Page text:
Staying Connected From a Distance

Successful businesses and organizations have made ballet-star-worthy turns this year, pivoting en pointe with virtual huddles, team meetings, retreats and conferences. We are getting a lot out of these, but they can’t always slake our hunger to be together—to celebrate our wins with a meal, to have an ad hoc hallway conversation with a colleague that sparks an idea, or to laugh at a team meeting and remember why we do what we do. 

recent survey from Morning Consult found that, for many people, working from home feels beneficial in some ways, for instance, saving time that has allowed people to focus on their health. But the survey respondents also reported feeling disconnected from coworkers, with many experiencing feelings of isolation and loneliness. We ache for in-person connection.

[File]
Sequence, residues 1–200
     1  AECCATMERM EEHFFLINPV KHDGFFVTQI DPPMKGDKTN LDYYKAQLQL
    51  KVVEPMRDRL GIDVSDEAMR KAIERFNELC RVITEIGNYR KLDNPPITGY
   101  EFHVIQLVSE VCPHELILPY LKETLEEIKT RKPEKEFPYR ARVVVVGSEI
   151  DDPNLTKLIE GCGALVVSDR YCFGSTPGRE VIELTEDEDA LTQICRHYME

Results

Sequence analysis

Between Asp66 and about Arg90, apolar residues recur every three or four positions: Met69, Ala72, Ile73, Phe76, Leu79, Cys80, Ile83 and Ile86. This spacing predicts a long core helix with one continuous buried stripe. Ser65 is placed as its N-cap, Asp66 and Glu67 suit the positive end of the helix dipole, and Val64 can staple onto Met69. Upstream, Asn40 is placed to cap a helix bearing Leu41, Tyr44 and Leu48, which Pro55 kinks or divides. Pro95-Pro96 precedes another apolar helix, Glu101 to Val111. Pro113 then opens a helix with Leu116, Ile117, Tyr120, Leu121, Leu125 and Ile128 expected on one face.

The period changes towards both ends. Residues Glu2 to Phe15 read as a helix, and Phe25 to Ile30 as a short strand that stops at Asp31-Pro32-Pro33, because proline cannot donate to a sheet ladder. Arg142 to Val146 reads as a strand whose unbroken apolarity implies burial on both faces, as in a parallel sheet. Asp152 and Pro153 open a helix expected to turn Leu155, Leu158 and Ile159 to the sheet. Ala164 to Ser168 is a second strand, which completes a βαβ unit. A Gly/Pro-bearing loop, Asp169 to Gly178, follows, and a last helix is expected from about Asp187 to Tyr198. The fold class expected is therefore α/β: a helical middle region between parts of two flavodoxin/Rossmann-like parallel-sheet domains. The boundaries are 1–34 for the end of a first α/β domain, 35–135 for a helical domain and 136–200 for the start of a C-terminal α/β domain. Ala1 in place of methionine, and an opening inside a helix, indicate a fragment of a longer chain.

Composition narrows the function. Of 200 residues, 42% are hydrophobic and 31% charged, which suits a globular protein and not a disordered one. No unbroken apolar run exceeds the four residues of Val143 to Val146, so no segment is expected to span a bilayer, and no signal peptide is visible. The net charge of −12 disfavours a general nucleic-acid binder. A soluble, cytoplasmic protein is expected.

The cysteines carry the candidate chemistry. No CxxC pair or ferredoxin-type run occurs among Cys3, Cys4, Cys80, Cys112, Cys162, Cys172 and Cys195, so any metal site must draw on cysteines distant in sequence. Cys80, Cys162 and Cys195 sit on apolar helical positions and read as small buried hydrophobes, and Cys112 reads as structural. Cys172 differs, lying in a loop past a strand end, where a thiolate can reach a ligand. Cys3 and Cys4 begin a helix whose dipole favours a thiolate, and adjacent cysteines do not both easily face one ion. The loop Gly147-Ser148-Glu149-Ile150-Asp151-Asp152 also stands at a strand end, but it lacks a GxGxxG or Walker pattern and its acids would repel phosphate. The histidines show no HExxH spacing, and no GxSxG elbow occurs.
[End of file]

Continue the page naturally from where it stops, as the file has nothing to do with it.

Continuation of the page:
Of course, our disconnection and loneliness is not just about working from home—it’s about being unable to have the usual visits with family and friends, or to do a lot of the other in-person activities we are used to. 

Work leaders can’t fix that, but they can pitch in and help renew the human connection, and it doesn’t have to be complicated.

One of the best ways to show support and send a message that people matter is to lean into personal touches, particularly those that are off-screen. For example: 

  • Send a handwritten note via snail mail, sharing appreciation and celebration
  • Send a local gift to someone’s door
  • Make a phone call—even a 15-minute non-video check in will be appreciated

If staying on-screen:

Get lunch delivered to the whole team at the same time, and eat together over Zoom. Make it even more fun with a musical playlist by gathering suggestions from everyone. 

It is also very helpful to normalize the feelings of loneliness and isolation: simply by saying “I feel it, too!” you help others feel less alone.

Together, we can get through this. 

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